What Are The Implications For Macroeconomics Given By Classical Economists?


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Tariq Habib answered
The approach of new classical macroeconomics can be fruitfully applied in many areas of economics. Here we concentrate on two implications: the nature of the labor market and the Phillips curve.
Is unemployment voluntary or involuntary? We defined involuntary unemployment as a situation where qualified workers are unable to find jobs at the going age. By contrast new classical economists think that most unemployment is voluntary. In their view, labor markets adjust quickly after shocks as wages change to rebalance supply and demand. Unemployment, in this view increases because more people are hunting for better jobs during recessions, not because they cannot find jobs. People are unemployed because they have quit their jobs to look for higher paying ones rather than because wages are too high, as in the case of sticky wages unemployment.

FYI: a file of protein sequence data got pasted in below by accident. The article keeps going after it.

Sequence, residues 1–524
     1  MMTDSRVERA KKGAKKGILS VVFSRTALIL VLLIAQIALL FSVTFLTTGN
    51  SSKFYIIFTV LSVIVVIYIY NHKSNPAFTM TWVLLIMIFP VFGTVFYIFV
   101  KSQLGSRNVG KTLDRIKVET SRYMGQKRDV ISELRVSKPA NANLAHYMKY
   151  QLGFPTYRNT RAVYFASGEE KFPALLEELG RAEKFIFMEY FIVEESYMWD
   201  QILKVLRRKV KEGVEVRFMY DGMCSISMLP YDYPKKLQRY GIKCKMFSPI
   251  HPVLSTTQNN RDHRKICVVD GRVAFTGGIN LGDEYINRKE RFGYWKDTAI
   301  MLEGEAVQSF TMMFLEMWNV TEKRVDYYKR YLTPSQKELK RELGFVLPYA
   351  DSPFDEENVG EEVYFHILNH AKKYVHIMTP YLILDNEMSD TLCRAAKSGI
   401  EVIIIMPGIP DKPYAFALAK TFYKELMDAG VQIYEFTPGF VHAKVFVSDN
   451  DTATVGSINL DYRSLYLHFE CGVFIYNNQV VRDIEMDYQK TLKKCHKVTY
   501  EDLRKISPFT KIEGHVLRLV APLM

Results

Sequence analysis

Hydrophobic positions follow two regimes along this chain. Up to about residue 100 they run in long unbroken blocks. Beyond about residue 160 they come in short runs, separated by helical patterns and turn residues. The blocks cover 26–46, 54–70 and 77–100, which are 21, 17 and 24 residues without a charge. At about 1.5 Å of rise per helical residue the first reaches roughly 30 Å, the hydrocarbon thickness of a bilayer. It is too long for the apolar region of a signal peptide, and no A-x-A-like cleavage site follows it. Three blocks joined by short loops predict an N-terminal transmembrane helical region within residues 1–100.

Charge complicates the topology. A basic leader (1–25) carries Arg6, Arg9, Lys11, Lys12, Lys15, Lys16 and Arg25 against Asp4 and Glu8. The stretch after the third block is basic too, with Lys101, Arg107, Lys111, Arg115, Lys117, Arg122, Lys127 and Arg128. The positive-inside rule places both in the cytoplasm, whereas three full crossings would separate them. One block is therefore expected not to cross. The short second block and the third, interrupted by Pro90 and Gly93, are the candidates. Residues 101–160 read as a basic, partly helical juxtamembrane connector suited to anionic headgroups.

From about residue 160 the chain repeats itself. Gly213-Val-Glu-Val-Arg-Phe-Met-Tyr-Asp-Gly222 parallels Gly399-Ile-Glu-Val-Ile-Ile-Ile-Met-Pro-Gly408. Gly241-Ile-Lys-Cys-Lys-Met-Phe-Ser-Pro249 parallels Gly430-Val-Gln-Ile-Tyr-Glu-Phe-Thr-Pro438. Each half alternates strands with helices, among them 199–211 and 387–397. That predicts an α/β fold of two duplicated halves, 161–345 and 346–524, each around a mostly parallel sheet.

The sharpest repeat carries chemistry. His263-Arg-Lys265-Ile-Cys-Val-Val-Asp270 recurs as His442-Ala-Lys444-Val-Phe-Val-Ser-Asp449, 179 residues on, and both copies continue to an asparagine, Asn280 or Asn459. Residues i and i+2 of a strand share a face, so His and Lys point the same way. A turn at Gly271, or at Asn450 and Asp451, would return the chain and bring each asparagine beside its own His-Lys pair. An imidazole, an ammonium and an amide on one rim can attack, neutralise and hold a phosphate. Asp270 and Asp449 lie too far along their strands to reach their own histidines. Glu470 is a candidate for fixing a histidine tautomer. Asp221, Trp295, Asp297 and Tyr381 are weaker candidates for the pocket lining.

One of the major challenges for any macroeconomic theory is to explain the business cycle in a way that is internally consistent and that conforms to the regularities of economic behavior. The classical approach to macroeconomics is attractive because it conforms well to most of the microeconomics of supply and demand. But the challenge is to explain important features of business cycles, such as the Philips curve or Okun Law.

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